Bizard and Bouchardon met Mata Hari at her lowest ebb, after her arrest in 1917, but neither of them wins high marks for observation; their prisoner was actually a woman from a small town in Holland, as European as themselves. They were responding not to reality but to the fantasies devised by Margaretha Zelle MacLeod to further her stage career and to compensate for the dullness of her Dutch provincial background. To these multiple identities, pathetic and harmless inventions on the part of a woman making the most of a small talent and few resources, her accusers added another which was to cost her her life: spy.
Mata Hari was executed by firing squad on October 15, 1917. Myths immediately sprang up about the event: she was said to have faced her executioners naked except for a fur coat which she threw open in an attempt to persuade them not to fire; she had been seized from the firing line by one of her lovers in a dramatic horseback rescue. The truth, established by the American Natalie Barney, who had employed Mata Hari to dance at her parties, was that she went to her death calmly. Eleven shots rang out, after which a cavalry sergeant walked forward and fired another bullet into her temple.
Although Mata Hari had been found guilty on eight charges of spying by a military tribunal, the evidence against her was confusing and anecdotal. Much of it was guilt by association, in that her lovers included officers, policemen and the German envoy in Madrid, Major Arnold Kalle. The claim made by one of her judges, police captain Jean Chatin, that Mata Hari 'has caused the death perhaps of 50,000 of our men' was patently ludicrous; the prosecutor, Andre Mornet, later admitted that 'there was not enough evidence to whip a cat'.
Julie Wheelwright's book is not a biography of Mata Hari, but an attempt to use her as the focus for an inquiry into the myth and reality of women's role in espionage. The obvious problem with this approach is that the life of so persistent a fantasist as Mata Hari, riddled with inconsistencies, does not lend itself to summary. Wheelwright writes like a woman in a hurry, informing the reader that a statue of Mata Hari was erected in her home town, Leeuwarden, to commemorate 'the hundredth anniversary of her birth' in 1965 and, two paragraphs later, that the dancer was born in 1876.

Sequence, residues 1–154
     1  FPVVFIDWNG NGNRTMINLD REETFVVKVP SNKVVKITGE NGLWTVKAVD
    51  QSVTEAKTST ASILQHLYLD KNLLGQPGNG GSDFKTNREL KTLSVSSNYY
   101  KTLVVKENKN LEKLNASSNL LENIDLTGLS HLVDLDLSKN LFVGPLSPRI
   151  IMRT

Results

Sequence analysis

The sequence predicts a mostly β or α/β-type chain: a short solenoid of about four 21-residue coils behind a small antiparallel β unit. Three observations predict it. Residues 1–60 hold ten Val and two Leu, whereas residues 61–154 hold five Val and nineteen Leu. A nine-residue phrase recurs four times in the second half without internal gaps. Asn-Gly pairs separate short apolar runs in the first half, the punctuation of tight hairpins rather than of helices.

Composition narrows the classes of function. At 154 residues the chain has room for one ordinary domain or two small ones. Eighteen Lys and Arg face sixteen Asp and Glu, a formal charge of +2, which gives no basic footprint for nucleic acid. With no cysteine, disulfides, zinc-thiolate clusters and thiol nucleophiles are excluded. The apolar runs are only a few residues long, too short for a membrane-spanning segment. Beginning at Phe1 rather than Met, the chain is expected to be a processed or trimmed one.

Nor is there anything revelatory about her analysis. It is obvious that war breeds paranoia and an appetite for scapegoats, and that Mata Hari fatally misjudged the changed moral climate of wartime Paris. Much of the book consists of familiar rhetoric to make such points, expressed in vague sentences ('The mythomania that surrounded Mata Hari crystallised these fears, preserving the complex struggles about gender, identity and race which were the undercurrents of the war'). Wheelwright also appears to think that Mme de Stael was sentenced to death by Napoleon III, who would have been nine years old when the novelist died in 1817.
There is no shortage of writing on Mata Hari. The bibliography lists nine biographies, ranging from the myth-making Mata Hari: Courtesan and Spy, by Major Thomas Coulson (1930) to Russell Howe's assertion of her innocence in Mata Hari: The True Story (1986). Julie Wheelwright's book is at best a minor addition to the literature, a well-meaning but inadequate attempt to write about the unfortunate dancer in a feminist context.
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